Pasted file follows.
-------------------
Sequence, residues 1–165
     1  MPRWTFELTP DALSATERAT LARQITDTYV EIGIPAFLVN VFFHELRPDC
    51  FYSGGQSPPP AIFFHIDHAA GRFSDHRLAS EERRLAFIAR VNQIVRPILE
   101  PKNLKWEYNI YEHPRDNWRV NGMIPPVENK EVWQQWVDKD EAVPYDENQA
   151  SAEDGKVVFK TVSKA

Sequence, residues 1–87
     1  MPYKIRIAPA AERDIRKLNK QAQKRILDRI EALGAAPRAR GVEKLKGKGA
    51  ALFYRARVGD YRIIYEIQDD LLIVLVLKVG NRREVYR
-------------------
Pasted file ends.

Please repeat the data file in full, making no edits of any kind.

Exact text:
Sequence, residues 1–165
     1  MPRWTFELTP DALSATERAT LARQITDTYV EIGIPAFLVN VFFHELRPDC
    51  FYSGGQSPPP AIFFHIDHAA GRFSDHRLAS EERRLAFIAR VNQIVRPILE
   101  PKNLKWEYNI YEHPRDNWRV NGMIPPVENK EVWQQWVDKD EAVPYDENQA
   151  SAEDGKVVFK TVSKA

Sequence, residues 1–87
     1  MPYKIRIAPA AERDIRKLNK QAQKRILDRI EALGAAPRAR GVEKLKGKGA
    51  ALFYRARVGD YRIIYEIQDD LLIVLVLKVG NRREVYR